Fangirl by Rainbow Rowell. 
Read February 4 – 6 2017.     3.5 // 5 stars.

I fangirled over this book. Yet, I didn’t obsess to the level that I was expecting myself to. I surprised myself by reading it and thinking – I feel a little let down? I had ridiculously high expectations for this book and I feel like not all of them were answered.

What I liked.

  • It contained Fanfiction!! I mean, when you think about the high amounts of fanfiction on the web, it’s a bit ridiculous that most books ignore its existence!! As someone who’s read and written (sssshhhh) a lot of fic, I resonated strongly with Cath’s joys and frustrations.
  • The relationship that the book was centred around was quite adorable. I squealed a lot. Also, thanks to Cath’s nature, there wasn’t much more than kissing, for which I was very thankful for.
  • The characters were all well-developed and not wooden. They were all different, which = good book.
  • It was a very realistic book. (more on this later!)
  • It literally had so much nerd culture that my heart was rendered incredibly happy! The fanfiction, the fangirling, the midnight book releases – perfection.

what i didn’t like.

  • The book had some things missing. This is perhaps a little hard to explain, but the ending wasn’t resolved to a place that I’d like it to be. There were some scenes that could have been taken places, but weren’t, and therefore seemed rather unnecessary. The ending bugged me.

(and that was about it!)

There is one more thing I’d like to mention. Rainbow Rowell’s writing style is centred around realism. She writes in the real world – there isn’t always a happy ever after. The ending isn’t always fully resolved. It’s a very different writing style, and it does take a lot of getting used to.

I’ve heard someone say that you either like her books, or you don’t.

I personally enjoy her work. I think it’s different, and refreshing. I think that people go into her work not realising that it will be different, and that’s where the crux occurs. This was -slightly- me in Fangirl.

I kinda forgot it was written by the same author as Eleanor and Park???

Anyway, I went into it thinking that maybe there’d be a fully satisfying happy ending, and while it may have been happy it didn’t fully satisfy me. There were parts that I would have appreciated the inclusion of. There were some scenes that I don’t think were necessary, despite it being realistic. I thought that the book was too long.

img_0581And, in the end, I am not a romance reader – I’m a sword buckler, classics, fantasy world reader. And so I think that this book did quite well to entice me as much as it did! It’s certainly well written, and the writing was stunning.

Have you read this book? What did you think?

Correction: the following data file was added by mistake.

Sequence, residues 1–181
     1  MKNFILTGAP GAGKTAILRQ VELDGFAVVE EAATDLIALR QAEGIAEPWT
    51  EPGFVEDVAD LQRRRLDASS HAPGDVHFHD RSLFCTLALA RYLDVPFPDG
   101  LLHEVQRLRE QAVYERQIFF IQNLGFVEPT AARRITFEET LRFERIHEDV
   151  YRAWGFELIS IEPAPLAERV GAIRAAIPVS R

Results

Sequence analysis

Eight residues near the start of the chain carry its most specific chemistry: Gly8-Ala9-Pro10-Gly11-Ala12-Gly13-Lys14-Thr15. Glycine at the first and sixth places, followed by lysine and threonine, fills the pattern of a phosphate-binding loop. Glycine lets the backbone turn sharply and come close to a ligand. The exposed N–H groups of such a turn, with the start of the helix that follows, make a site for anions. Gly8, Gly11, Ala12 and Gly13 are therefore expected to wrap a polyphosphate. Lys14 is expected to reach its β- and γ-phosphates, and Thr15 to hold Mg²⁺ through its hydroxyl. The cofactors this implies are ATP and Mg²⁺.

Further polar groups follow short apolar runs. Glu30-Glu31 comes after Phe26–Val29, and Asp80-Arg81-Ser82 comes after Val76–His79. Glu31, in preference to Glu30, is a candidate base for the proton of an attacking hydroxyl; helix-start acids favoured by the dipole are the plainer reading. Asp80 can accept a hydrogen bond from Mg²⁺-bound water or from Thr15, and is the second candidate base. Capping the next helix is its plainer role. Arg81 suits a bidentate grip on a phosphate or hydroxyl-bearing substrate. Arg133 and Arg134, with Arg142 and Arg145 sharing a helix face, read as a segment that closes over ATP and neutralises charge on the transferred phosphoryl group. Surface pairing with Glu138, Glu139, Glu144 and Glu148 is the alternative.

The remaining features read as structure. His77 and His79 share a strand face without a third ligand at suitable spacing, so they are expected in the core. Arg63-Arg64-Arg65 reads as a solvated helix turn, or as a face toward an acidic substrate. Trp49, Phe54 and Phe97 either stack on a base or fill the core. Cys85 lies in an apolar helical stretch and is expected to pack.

Keep smiling,

Emmeline 🙂


I figured I hadn’t done some reading updates in a while, and then realised I’ve read less books than I usually would. AHH WELL, said I, LET’S DO IT ANYWAY.


Have you ever wanted to know if you have a reading slump? Well, here’s a simple formula.



In other words, divide the books you’ve read by the books you read last month. If your top number is very low compared to the rest, chances are you’ve either been really busy, or you’ve got a reading slump on your hands!

I decided to test this formula on myself, and it confirmed a sneaking suspicion I’ve had for a while.

Jan – 12

Dec – 19

Nov – 11

Oct – 17

Add the above together, and we get 59.

Now we divide 59 by four, and we get 14.75. (BUT LET’S ROUND IT UP TO 15 BECAUSE MATH.)

So my average book reading count over the last four months is fifteen books. NOW LET’S USE MY FORMULA.

3 (books I’ve read)
15 (average books read)

… well that’s wonderful isn’t it.


So if you didn’t get any of that (BECAUSE WHO NEEDS MATH TO READ) it means that I’m a third into the month, and I haven’t read anywhere near my usual amount. I mean, it doesn’t necessarily mean that it’s a reading slump, but those three books I did read were a struggle. I really had to force myself through them.

And that’s not how I like to read!

Anyway, what were those three books?

// Books I’ve Read So Far This Month //

The Loaded Dog (Henry Lawson) – 3 // 5.    I enjoyed this short story. It was well plotted and the characters were all well written in the short space that they were allowed! I didn’t like the racism and sexism that crept in, but obviously it’s over a hundred years old so unfortunately that’s what we have to expect. How I wish it wasn’t so!

Alice in Wonderland  (Lewis Carroll) – 4 // 5.    I’ve always loved Alice in Wonderland. A couple of years ago I got to play Alice in a drama performance. This just grew my love of this book, and when I got a new edition the other day, I knew I had to reread it! The book itself is extremely crazy and random, and I have to say I didn’t enjoy it as much as I used to. I think that it was because the plot felt a little less tight than some other books I’ve been reading lately? Obviously that’s just part of the nature of the book, but it did take away a little of the magic of the story for me.

Fangirl (Rainbow Rowell) – 4 // 5.     This book was incredibly enjoyable (I fangirled every few pages), and yet I still felt a little bit let down? I think it was because I didn’t like the ending, nor some of the themes present. I know that it’s all part of the author’s writing style, but I did feel that the end was very anticlimactic. Particularly with the whole Nick storyline. Anyway, if you’ve read the book you may know what I mean. I greatly enjoyed it, but I didn’t think it was brilliant.


I do have a few reasons for this mini reading slump that I am currently experiencing.

A) I’ve been super busy lately, and struggle to find time to read. YEAR ELEVEN, MAN.

B) The internet is distracting?? I just get distracted really easily, okay, and I know this isn’t a proper excuse.

C) My life has changed a lot lately, and I kinda use my spare time to process and cope and get my brain going again. Which is a good thing, I think.

SOOOOO I’m not too sad that I haven’t been able to read properly for a while. Because sometimes I just need to make sure that I’m okay first?? I think I’ll dedicate the rest of this month to working myself out and getting properly mentally prepared for the rest of 2017.